Messrs. Parsons & Co., of Flushing, have successfully introduced this rose. A small plant, which they had the kindness to send us lately, has produced some fine flowers, pure white, striped with red, and we trust, when older, will show its full character. Mr. Fortune, it will be remembered, brought this plant out to England from China, and his account of it - given in his travels, is the following: "Another rose, which the Chinese call five-colored, was found in the gardens; it belongs to the section commonly called China Roses in this country - but sports in a very strange and beautiful manner. Sometimes it produces self-colored blooms, being either wholly red, or French white, and frequently having flowers of both colors on one plant at the same time, while at other times the flowers are striped with the colors above mentioned. This will be as hardy as our common China Rose."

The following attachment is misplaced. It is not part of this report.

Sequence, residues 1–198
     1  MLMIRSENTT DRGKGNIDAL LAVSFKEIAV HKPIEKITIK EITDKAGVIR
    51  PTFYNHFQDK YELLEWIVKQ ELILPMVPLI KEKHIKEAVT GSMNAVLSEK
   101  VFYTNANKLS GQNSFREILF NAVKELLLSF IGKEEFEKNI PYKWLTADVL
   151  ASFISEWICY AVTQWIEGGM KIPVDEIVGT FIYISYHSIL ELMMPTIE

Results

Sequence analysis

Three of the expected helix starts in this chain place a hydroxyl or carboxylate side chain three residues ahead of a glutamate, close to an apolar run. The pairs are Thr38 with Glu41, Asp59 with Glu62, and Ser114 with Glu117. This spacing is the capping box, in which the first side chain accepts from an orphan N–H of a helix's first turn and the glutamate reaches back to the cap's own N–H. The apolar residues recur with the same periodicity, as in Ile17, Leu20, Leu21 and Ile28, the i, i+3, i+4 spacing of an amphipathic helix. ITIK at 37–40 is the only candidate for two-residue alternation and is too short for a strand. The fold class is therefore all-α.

On inquiring of Mr. Cadness, (at Messrs. Parson's establishment,) respecting the behavior of this new variety in this country, we received the following note from him. Ed.

Fortune's Five Colored Rose is undoubtedly a great novelty amongst roses, but like all flowers of its character, requires nice cultivation in order to get the flowers true. We have not, as yet, we consider, paid that attention to its culture which it undoubtedly requires, having given it the same treatment as our other China and Tea gorous growth for a supply of wood, for cuttings, etc. Yet, under this treatment, we have had flowers beautifully marked and very perfect, being flaked and striped exactly like a carnation. The colors are very bright, and the marking very distinct and clear, and I have no doubt, that in proper soil, and under proper treatment, the character of the flowers will be permanent. It flowers more perfectly in winter and spring, but as soon as the weather becomes hot they loose their color, and often become nearly single. Another season we hope to give it a fair trial, and test its merits, and as it appears to seed very freely, I think it cannot but become valuable for hybridising, etc.

Yours, C, Flushing, 2N. Y., May, 1851.